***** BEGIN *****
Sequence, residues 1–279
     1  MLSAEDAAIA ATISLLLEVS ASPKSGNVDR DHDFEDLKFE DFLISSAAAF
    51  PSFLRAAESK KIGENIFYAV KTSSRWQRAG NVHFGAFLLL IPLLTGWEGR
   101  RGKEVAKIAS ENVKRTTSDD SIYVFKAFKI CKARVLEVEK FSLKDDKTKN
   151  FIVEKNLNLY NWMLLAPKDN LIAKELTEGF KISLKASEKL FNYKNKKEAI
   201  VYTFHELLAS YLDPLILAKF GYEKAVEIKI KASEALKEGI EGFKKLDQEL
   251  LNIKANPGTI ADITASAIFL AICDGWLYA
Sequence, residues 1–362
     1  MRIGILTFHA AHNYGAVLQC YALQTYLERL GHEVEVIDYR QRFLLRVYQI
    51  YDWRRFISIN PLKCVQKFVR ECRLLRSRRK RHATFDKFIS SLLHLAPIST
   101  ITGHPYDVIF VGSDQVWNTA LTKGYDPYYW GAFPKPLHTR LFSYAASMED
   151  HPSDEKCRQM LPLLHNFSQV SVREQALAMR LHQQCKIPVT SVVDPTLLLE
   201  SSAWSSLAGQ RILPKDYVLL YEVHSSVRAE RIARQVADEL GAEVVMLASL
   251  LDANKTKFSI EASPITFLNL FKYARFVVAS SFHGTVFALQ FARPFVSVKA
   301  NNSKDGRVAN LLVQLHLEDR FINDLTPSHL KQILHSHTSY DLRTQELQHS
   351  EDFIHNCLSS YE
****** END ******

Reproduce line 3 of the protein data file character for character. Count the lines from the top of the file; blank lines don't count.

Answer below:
    51  PSFLRAAESK KIGENIFYAV KTSSRWQRAG NVHFGAFLLL IPLLTGWEGR